Monday, 12 August 2013

The Poems: The Aye-Aye

Title: The Aye-Aye, Poems in Scots & English by Sheena Blackhall.Published by Lochlands, Maud, Aberdeenshire. Printed by Thistle Reprographics, 55 Holburn Street Aberdeen.Cover:Aye-Aye (from the www).Cost: £3.00.Copyright: S. Blackhall 2013.The first poems in this pamphlet were written in response to mysterious paper sculptures appearing in Scotland: Catriona Low, publisher of Severin Books, is constantly on their trail. This pamphlet is dedicated to her for alerting me to each new discovery. Most of the poems were written during the summer of 2013, during stays on Jersey and St Malo. The Dream o the Restless Bairnickie is published in ‘Pushing Out the Boat, Issue 12’. Thank You Spring will feature in ‘Spirit of Spring’, a Forward Press Anthology due out in October. Memorial Day & Birthday are due to appear in ‘Shadows’, a Malfranteaux Concepts publication compiled by Keith Murray. A Puckle Doric Wirds I like and Fitbaa were written for inclusion in a forthcoming anthology compiled by Mark Pithie for a 2013 Doric Festival event. The Japanese tanka owersetts appeared in Southlight magazine. Thanks are due to Les Wheeler for his continued encouragement and support in agreeing to publish this little pamphlet. Re. The Cro-Magnon Poem My half brother, Charles Middleton Ritchie, died in Canada within a year or so of our first meeting. My younger brother, Ian Middleton, predeceased him. A woman can only access paternal DNA via a close male relative and I was delighted that my nephew Scott Ritchie, in Whitby, Ontario, Canada, agreed to submit a sample for analysis. The result was as follows:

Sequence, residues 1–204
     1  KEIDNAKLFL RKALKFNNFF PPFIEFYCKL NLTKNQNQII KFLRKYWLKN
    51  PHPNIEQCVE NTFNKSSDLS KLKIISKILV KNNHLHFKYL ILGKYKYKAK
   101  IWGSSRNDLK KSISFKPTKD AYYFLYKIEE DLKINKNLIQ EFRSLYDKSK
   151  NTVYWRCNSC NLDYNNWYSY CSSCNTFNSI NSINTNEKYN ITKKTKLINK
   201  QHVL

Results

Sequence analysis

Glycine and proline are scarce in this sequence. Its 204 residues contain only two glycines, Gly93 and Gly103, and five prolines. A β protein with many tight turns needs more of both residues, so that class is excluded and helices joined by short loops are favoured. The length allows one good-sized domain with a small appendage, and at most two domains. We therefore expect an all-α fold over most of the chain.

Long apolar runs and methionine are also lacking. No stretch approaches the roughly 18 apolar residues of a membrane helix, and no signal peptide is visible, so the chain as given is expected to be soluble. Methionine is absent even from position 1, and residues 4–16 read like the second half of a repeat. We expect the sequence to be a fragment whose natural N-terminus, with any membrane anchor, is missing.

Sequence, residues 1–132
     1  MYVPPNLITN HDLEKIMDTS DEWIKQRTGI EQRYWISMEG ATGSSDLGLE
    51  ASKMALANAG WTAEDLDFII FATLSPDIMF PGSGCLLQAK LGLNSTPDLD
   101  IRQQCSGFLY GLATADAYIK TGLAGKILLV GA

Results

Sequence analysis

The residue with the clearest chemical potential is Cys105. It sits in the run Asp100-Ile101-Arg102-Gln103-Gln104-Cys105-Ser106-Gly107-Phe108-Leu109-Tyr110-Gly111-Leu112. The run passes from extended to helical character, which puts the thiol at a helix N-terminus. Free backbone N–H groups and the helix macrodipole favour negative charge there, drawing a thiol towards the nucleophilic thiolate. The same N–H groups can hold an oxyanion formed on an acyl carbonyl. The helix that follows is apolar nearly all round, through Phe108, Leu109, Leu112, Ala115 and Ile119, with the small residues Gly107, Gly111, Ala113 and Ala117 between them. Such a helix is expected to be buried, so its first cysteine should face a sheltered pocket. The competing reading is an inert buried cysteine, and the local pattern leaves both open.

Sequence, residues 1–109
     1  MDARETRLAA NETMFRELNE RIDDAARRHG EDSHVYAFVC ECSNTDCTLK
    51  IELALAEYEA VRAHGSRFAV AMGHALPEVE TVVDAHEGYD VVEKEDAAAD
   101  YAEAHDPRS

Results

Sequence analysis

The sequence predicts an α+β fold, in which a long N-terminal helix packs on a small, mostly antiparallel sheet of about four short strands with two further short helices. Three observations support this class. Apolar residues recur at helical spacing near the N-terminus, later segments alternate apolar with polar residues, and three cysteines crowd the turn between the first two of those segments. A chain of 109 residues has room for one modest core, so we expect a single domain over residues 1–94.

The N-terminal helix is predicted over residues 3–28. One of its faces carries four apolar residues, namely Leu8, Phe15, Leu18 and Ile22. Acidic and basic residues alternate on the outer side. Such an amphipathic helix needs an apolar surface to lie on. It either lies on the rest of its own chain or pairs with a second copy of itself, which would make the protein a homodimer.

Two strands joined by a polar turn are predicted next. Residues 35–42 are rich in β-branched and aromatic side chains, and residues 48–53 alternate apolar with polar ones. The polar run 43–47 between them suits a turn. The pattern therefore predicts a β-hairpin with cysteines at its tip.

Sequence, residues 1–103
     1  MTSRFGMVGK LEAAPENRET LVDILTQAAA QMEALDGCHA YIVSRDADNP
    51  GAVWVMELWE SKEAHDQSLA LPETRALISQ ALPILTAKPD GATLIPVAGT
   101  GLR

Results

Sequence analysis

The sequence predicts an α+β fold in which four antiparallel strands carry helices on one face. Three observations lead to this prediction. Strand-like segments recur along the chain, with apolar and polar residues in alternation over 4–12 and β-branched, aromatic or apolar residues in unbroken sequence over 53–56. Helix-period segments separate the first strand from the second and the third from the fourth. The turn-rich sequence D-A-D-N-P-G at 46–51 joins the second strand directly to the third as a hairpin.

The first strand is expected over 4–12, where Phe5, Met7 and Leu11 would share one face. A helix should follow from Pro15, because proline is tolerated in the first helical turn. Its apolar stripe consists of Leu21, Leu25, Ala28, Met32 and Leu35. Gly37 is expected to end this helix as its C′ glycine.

The male line of our family DNA carries the mutation M343. The paternal haplotype is R1b. Haplogroup R is thought to have appeared some 30,000 years ago in Central Asia and is widely spread all over the world. The mutation M343 is linked to one of the subclades of Haplogroup R called R1b which is thought to have been part of the recolonisation of Europe following the Last Glacial Maximum. The R1b expansion was closely linked to the spreading of the Indo-European languages. This makes us direct descendants of the Cro Magnon people, the modern humans who painted the "Lascaux Cave" in Dordogne in the South of France. These paintings can be regarded both as a testimony of the artistic skills of our ancestors but also as a sketch book of their life during the last glacial age. R1b can be found in more than 80% of the population in England, France and Spain. In western Ireland, R1b is found in nearly 100% of the population.

1 comment:

  1. Anonymous09:25


    My name is Allister Thomas, I'm a journalist from the NorthScot Press Agency in Aberdeen.

    We're currently interested in doing a piece similar to that of the P+J today about the typhoid outbreak in Aberdeen for the national papers. Would you be happy to have a quick chat with me about it? My number is 07971 991362 or email